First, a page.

Miguel walked over to the singles Kayak his Granddad kept overturned off the side of the dock. He grabbed the handle and shook it several times to shake out the spiders. They always crept out mid trip anyways. With the tiny boat in the water he took off and tossed his sweatshirt to the side. Sitting on the edge he unscrewed his brace and prepared for the art of mounting the little kayak. With his grips firm on the handles he shifted his weight from land to kayak, and with a little push from his good leg he was mounted. Just then came Robert flying through the air, knees tucked into his chest, hollering. The rest of them were trailing a few paces behind him with eager faces; ambition marked by grit teeth and tongues pressed to mouth corners. The commotion of the white water knocked the boy right off. Miguel opted for pushing the Kayak further out and mounting it, as difficult as it was, in open water and paddled out to where he could float in peace. It intrigued and inspired his imagination out there in the water, contemplating the the treasures that lay beneath and the glory that could be his.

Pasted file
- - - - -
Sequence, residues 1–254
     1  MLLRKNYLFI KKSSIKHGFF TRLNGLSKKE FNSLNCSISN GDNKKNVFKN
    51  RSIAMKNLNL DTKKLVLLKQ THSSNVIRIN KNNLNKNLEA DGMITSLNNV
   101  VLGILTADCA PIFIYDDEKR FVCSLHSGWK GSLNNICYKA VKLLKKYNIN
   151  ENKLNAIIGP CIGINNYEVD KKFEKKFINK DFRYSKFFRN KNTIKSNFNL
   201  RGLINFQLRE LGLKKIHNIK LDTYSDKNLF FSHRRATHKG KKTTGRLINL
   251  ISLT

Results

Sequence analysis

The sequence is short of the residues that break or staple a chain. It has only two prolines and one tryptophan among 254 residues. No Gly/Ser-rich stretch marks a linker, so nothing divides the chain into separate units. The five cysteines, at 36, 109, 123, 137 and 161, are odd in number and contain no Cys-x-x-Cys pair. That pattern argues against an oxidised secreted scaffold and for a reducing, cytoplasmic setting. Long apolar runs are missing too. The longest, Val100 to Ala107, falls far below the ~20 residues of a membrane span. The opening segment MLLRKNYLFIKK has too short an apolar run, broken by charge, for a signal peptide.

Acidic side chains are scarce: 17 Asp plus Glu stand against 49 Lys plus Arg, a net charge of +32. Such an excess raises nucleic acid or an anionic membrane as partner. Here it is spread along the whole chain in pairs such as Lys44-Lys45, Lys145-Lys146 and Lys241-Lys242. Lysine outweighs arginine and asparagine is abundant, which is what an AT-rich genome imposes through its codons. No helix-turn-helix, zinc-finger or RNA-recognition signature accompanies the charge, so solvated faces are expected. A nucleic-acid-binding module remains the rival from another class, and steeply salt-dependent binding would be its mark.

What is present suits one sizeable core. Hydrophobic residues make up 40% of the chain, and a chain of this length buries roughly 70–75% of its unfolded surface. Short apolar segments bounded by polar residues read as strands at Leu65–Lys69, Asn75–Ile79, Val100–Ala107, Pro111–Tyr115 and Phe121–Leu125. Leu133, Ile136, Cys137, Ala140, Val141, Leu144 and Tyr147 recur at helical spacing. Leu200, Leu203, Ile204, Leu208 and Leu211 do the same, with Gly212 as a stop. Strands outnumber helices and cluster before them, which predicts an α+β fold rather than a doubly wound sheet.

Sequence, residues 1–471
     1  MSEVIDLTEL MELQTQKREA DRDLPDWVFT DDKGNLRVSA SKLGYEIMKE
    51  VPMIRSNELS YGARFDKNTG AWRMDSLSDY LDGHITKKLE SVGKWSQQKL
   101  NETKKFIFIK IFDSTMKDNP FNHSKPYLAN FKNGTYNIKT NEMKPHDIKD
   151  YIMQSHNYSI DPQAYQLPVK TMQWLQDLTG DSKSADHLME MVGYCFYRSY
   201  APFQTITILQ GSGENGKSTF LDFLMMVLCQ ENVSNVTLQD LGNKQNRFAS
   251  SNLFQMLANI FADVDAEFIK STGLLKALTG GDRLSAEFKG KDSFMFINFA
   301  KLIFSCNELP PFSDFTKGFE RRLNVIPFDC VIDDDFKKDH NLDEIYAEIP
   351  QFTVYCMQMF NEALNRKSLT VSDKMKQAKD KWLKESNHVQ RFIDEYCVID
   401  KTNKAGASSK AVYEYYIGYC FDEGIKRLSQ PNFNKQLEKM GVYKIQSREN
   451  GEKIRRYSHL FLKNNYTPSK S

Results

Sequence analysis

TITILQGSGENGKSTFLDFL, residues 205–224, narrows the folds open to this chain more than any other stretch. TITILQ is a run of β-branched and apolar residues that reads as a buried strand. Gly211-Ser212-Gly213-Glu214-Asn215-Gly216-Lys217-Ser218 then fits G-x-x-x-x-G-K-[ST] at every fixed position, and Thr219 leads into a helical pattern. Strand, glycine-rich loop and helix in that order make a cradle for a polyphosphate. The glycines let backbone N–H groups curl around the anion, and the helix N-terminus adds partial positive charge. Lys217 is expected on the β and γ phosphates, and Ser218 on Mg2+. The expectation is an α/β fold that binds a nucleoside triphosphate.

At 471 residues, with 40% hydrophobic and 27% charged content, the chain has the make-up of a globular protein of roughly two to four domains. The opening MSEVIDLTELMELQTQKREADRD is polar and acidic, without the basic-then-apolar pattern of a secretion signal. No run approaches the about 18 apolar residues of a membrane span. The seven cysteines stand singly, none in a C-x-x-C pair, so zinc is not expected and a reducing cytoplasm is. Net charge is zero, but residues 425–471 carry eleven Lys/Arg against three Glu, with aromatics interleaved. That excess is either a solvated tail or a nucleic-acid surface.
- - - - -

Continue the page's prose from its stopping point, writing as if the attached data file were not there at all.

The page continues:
He learned of the tales of the lake that summer, passed down by drunkards and fisherman of the old general store; the men who on most days went out on the lake to drink away their retirement, returning either fisherman or drunkard, depending.The fools cared little for sport and less for the stores quota for fresh catch, they enjoyed trading stories of bravado; stories of their youth and their shining accomplishments. When the sun sat lower in the sky, and enough of them had grown tired of the perpetual one-upsmanship in matters of vitality and prowess of a younger self, they would shift to stories of the lake and its inexplicable curiosities, as they’d call it, telling tales of great men who on attempts to reach the lake bed to recover sunken gold of an of an old steamboat, had fallen victim to the ghosts of those who had drowned with it. This of course was a logical explanation for bad days catch. “Goddamn, I tell ya, these bastards, hoardin’ their gold and wanna keep every damn fish in these waters,” one would say. “Ya tellin me?”, would reply another letting out a laugh which quickly decayed into a long winded sigh, shaking his head in defeat. “I’d’ve reeled in some 10— 11 pounder, I felt that devil pulled right from me.” They would go back and forth amongst one another with hypothetical adventures in which they set out for the treasure; each adventure, one of them the protagonist, resolving in wit and heroism, and the smug look of pressed lips and small eyes on their drunken faces.